How was the control and move variety?
Yourself: Two attack buttons, one for a quick punch and one for a longer range crowd-controlling kick. The standout was that each button seemingly randomly selected from one of two attacks, and with certain characters the two possible attacks could be significantly different. So when you pressed C you never knew if you were going to get a snap short-range kick or a powerful reaching one. It was your standard selection of moves otherwise - a jump kick, a grab (with range too short), a crowd-clearing, health-costing special. Nothing particularly fun to play with - mostly button-mashing fare. 
Golem: Nothing to add there.

How was the player character variety?
Golem: Characters seemed to play on the typical brawler balance between speed and power, with one fast character, one powerful character, and one balanced character. However, in experimenting with all three, I couldn't make out a clear distinction between the three of them. The powerful character (a tall, Muppet-jawed gentleman in silk pajamas) had longer range, and the speedy red character had more distinct kicks, but no one character stood out from the other two. This might be a result of poor feedback, though. I had a hard time gauging what was effective against enemies.

Yourself: Yeah, except for one or two attacks I found the characters largely indistinguishable. The medium guy had the longest-range kick so I liked him. That was about it. I couldn't gauge power in the slightest.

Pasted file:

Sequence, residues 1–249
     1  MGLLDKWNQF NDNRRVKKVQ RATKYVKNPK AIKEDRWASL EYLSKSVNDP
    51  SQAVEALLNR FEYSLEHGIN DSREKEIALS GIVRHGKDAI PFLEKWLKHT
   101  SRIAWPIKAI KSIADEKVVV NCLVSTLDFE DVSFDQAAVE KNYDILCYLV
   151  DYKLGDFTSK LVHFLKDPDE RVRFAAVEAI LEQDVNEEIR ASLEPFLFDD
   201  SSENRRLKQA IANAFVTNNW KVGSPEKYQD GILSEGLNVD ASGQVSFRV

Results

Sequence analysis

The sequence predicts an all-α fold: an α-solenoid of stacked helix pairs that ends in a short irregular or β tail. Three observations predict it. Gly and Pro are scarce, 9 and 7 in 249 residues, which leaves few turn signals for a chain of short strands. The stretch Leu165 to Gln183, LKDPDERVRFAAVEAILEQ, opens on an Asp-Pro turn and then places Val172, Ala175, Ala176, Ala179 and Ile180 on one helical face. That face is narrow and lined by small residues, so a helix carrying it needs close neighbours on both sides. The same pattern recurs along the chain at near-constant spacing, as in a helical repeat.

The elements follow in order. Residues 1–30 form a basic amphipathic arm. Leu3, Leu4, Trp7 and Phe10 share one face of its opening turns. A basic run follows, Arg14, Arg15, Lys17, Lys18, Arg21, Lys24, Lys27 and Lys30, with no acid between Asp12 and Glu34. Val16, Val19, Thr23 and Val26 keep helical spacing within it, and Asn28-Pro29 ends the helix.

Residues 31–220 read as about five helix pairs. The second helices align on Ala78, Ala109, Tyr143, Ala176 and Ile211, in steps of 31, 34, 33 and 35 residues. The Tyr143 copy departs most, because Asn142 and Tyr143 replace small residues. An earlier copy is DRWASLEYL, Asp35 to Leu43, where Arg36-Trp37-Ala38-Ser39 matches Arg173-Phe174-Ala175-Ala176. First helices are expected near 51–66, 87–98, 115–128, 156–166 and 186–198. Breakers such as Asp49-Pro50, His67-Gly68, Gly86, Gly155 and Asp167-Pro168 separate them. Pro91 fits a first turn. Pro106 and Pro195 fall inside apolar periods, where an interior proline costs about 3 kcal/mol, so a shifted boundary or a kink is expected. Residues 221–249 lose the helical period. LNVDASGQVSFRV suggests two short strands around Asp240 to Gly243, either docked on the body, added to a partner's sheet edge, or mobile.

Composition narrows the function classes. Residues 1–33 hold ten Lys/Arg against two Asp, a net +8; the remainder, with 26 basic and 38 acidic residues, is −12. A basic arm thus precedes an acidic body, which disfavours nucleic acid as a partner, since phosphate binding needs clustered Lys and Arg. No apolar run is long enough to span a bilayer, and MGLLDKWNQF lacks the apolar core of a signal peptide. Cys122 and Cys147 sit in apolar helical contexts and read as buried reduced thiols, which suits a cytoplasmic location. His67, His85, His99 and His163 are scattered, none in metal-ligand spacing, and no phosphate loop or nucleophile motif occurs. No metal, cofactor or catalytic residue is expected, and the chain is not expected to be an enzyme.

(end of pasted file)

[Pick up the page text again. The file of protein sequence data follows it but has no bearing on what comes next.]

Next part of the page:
How was the pick-up variety?
Yourself: Very weak, the handful of items were total one-offs that were actually kinda downgrades. There was a lot of dynamite, but between its lengthy fuse and enemies' aggression, it was almost unusable.

Golem: I thought both the large amount and low usefulness of the dynamite was funny. Yourself made sure to compare it to Battletoads & Double Dragon: The Ultimate Team.

How was the stage variety?
Yourself: Hardly noticed any. There was one section on a conveyor belt where enemies dropped in dynamite - that was neat - but the rest were your flat, generic arenas. There's an elevator! That's new, right?

Golem: Stage presentation was generic, too, but I'll never forget Hulk Hogan knocking over a mall fountain.

How was the enemy variety?